After all of the flavour and spice of Asia the food in South America so far has definitely been a little underwhelming. This, compounded by the fact that Brazil and Argentina are so much more expensive than Asia, meant that we actually cooked for ourselves a fair bit. However, here’s a taste of some of the more noteworthy dishes we experienced in these two countries:
Por quilo (Brazil)
The best way to eat out in Brazil is at one of the buffet style “per kilo” restaurants where you can pile up your plate with a variety of food and pay for what you eat by weight (of the plate not the person). An oddity that we encountered at many of these restaurants was the salad dressing, having doused your lettuce in what you believed to be balsamic vinegar it is a bit of a surprise to taste the salty essence of soy sauce. In a moment of schadenfreude we enjoyed watching other tourists make the same mistake!
Churrascarias serve up a range of barbecued meats cut straight off the skewer onto your plate. Somehow we managed to pass our time in Brazil without visiting a dedicated churrascaria restaurant (possibly because of the price), but we were able to sample some at the per kilo restaurants, our first foray into the food that South America is famous for – meat.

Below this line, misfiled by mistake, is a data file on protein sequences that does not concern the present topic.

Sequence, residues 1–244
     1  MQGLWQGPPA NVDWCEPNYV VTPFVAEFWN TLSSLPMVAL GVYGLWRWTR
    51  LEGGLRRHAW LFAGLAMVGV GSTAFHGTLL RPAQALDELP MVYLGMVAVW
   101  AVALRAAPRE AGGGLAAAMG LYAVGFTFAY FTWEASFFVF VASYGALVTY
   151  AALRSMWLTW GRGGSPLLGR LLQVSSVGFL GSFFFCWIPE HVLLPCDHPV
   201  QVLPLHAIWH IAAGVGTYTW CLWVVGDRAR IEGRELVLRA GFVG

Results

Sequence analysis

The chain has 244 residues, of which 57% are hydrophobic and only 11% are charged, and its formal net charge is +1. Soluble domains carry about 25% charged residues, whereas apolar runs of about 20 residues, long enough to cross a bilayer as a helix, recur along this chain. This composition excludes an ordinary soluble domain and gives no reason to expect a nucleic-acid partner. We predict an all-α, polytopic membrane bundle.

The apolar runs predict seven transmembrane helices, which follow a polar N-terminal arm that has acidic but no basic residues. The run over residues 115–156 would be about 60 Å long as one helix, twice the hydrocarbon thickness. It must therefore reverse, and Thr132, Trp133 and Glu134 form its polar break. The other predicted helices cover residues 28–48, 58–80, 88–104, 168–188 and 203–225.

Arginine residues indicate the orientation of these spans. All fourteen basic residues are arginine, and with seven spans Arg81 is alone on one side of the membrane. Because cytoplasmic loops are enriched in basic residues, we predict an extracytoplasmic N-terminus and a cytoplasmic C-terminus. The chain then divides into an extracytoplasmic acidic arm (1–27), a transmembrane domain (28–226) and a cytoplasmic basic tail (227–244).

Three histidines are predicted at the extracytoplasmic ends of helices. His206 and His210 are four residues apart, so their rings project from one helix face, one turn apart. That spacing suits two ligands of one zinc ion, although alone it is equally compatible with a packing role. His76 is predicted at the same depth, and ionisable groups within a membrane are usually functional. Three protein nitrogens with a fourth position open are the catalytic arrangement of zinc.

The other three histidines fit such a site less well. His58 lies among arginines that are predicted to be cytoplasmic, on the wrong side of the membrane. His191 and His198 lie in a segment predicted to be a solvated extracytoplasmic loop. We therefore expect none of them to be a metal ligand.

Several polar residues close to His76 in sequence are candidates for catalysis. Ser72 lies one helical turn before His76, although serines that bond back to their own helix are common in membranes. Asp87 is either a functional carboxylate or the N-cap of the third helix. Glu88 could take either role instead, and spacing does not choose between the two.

A slushy frozen purple delight, perfect after a day of trekking in Brazil’s heat. Acai is a blend of ice, acai berries, and if you’re not paying attention bananas (you can usually opt out of this), best enjoyed with a sprinkling of granola.
We discovered these incredibly sweet cocktails being sold by a street vendor in the midst of Salvador’s chaotic carnival. Batidas consist of cachaça, your choice of tropical fruit, condensed milk and some very pink fruit syrup blended together with ice.
Brazil’s most famous cocktail made from cachaça, lime juice (although other fruit variants can be found), sugar and ice, needs a good stir and strong alcohol tolerance. In their country of origin these cocktails are mixed with generous measures of cachaça that will definitely leave you feeling worse for wear the following day.
If you weren’t a fan of steak before entering the country you definitely will be by the time you leave! The thick, juicy Argentinian steaks come in a variety of cuts the best of which is bife de chorizo. Sometimes a choice of sauces are available but often the steak is served up in its own tasty juices. Sides of potatoes and vegetables are ordered separately and you definitely leave feeling that you’ve eaten enough meat for a week!
Empanadas make the perfect afternoon snack when you’re waiting until the typical Argentine dinner time of 10-12 pm! These little filled pastries are probably most akin to the British Cornish pasty but come with a range of fillings the most popular of which are probably carne (minced beef, onion, pepper and sometimes a bolognese style sauce), pollo (chicken with onion, herbs and spices), and cheese and ham (a very rubbery and fairly tasteless cheese – the only kind available in Argentina with the exception of Parmesan)
Dulce de Leche (Argentina)
You can’t spend very long in Argentina without encountering dulce de leche. This sweet caramely goo is made from condensed milk and seems to be used ubiquitously in any kind of sweet or dessert. You can easily order an apple cake in the hopes of avoiding the sickly sweet emulsion, only to find a surprise layer of dulce de leche, because really what desert would be complete without it? It may seem like a delight at first but after seven weeks you’ll do almost anything to avoid it!